As the list grew the number of people and entities trying to help Assange was at times nearly twice the length of those attacking him. But then I would encounter a number of new articles about all the dirty deeds by the press and other malefactors, and as of this moment, the two lists are exactly the same length, with eight lines to go to the bottom of the fifth page. That would be roughly 160 names of people/organizations each, but I've got two names on some lines, particularly among the mischief-makers, and an occasional explanatory note occupying a line.
I added an asterisk for notable cases and two for exceptional, and when I glance through, the notably bad outnumber the notably good by quite a margin, which is I suppose why Mr. Assange still rots away in his bellmarish surroundings.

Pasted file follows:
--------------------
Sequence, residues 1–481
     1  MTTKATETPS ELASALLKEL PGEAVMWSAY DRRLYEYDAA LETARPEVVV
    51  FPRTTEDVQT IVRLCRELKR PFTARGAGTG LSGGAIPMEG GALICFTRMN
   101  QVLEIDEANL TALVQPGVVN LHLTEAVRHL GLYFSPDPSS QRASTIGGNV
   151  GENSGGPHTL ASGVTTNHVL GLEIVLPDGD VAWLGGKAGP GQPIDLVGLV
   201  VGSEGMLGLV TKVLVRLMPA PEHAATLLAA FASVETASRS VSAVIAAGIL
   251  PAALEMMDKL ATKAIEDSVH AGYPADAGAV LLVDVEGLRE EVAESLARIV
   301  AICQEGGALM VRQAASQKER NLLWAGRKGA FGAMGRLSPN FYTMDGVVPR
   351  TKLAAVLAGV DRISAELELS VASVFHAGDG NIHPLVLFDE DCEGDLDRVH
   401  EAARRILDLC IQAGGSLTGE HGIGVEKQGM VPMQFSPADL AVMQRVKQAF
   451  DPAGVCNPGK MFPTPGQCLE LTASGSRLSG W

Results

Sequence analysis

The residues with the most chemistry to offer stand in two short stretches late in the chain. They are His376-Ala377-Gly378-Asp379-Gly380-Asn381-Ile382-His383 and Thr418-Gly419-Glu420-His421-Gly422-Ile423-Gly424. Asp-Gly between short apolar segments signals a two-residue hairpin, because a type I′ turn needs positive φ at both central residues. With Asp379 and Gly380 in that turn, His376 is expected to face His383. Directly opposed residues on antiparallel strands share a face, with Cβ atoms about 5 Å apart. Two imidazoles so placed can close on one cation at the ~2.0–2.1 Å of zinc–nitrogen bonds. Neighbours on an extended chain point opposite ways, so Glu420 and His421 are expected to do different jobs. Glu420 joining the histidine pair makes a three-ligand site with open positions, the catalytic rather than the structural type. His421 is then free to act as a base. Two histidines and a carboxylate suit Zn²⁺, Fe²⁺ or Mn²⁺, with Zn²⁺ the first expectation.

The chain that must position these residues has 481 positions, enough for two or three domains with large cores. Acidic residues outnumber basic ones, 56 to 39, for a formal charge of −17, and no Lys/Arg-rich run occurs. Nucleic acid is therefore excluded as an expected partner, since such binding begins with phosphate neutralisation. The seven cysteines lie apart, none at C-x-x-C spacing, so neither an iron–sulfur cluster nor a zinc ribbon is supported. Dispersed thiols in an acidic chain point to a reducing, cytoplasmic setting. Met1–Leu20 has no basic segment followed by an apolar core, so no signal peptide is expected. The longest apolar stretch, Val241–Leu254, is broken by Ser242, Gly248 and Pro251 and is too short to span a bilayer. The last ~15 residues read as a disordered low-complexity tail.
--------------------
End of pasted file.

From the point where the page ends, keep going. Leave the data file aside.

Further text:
Political and governmental
Political and governmental figures earned most of the asterisks, because they have clout and take more of a risk in standing up, or conversely gain more by leading the attack. There are very few among this group who have supported Assange. Chelsea Manning** was making inroads into politics, so I include her here with two asterisks for really putting all she has into it. Democratic candidates Tulsi Gabbard* and Mike Gravel, Utah Senatorial candidate Daniel Geery, Ron Paul and Rand Paul round up that list in the US, with Jeremy Corbyn* and Dianne Abbott of the UK Labour Party, Maria Zacharova (Russian Ministry of Foreign Affairs), UN Special Rapporteur on Torture Nils Melzer**, UN Special Rapporteur on the right to privacy Joe Cannataci and former Ecuadoran President Rafael Correa** and Foreign Minister Ricardo Patino, who protected Assange for nearly six years (June 2012 to March 2018 when his communications were cut off). Attorney General William Barr also managed to make this list, but I've forgotten why.